Monday, September 30, 2013

Tuesdays :)

Our first Tuesday meeting. Do you see our littlest Avancista?
(Hint she's hard at work next to Erik)
Just thought I would share this photo from our first team meeting last Tuesday. Every Tuesday morning we meet as an Avance team to give trainings (in this photo Paul is sharing a talk about ministering effectively in Mexico), and we discuss assigned reading books (we are currently reading this one), as well as check in and pray for one another. Thankfully most meetings happen at our house, and generally coincide with Owen's napping schedule. This way Kevin and I are both able to participate instead of "tag-teaming it". Looking forward to seeing our Avancistas tomorrow!

Wednesday, September 25, 2013

Pray for Mexico!

Some of you may know, and others may not, but Mexico has been hard hit by flooding as a result of Hurricane Ingrid and Tropical Storm Manuel. All of Mexico is mobilizing to reach the affected, but recovery will not be easy and the loss is great. Here are some of the statistics:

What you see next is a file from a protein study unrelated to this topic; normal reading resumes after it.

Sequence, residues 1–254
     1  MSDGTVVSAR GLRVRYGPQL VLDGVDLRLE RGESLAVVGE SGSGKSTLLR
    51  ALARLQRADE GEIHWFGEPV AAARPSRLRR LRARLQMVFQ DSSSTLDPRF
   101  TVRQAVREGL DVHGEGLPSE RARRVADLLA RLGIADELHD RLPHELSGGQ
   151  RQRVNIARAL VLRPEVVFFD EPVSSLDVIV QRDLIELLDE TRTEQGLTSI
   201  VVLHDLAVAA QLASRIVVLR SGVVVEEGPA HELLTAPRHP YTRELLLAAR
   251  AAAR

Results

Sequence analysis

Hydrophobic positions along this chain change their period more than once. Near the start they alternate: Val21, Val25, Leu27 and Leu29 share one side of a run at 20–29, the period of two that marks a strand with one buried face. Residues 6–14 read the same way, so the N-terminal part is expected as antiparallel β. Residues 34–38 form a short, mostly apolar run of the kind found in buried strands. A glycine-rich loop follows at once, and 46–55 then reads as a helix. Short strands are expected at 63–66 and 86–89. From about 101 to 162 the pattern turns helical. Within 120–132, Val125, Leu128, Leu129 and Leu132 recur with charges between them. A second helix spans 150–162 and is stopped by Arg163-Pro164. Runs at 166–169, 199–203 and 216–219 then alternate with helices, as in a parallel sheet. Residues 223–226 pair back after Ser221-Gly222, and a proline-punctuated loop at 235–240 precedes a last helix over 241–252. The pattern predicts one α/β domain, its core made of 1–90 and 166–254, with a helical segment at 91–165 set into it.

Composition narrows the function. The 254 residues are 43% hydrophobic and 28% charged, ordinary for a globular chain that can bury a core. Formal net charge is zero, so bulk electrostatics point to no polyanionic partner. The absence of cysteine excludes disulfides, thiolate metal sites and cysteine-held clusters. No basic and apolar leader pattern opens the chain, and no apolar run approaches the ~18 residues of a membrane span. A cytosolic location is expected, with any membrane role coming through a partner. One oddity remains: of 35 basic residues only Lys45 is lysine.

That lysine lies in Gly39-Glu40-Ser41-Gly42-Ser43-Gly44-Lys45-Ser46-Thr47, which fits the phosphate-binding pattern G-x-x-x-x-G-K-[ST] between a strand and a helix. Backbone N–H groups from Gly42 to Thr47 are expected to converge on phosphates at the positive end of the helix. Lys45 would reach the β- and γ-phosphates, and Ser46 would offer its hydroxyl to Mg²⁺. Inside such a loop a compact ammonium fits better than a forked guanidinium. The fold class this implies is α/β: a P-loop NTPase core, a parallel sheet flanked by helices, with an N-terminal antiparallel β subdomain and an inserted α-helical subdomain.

* 139 deaths
* 1.8 million people affected by flooding and heavy rains
* More than 58 thousand people have been evacuated
* 12 states and 830,406 people have been affected by loss of power
* 43,000 schools damaged
* National highways closed in five states (in the State of Guerrero 50% of their highways have been damaged)
* There are still some towns that have not received any aid because transportation to these affected zones is impossible

It has rained more this September than it has for 125 years. While we are cushioned from much of the devastation here in Mexico City, my heart is breaking for the thousands who have lost loved ones, homes, and their livelihood.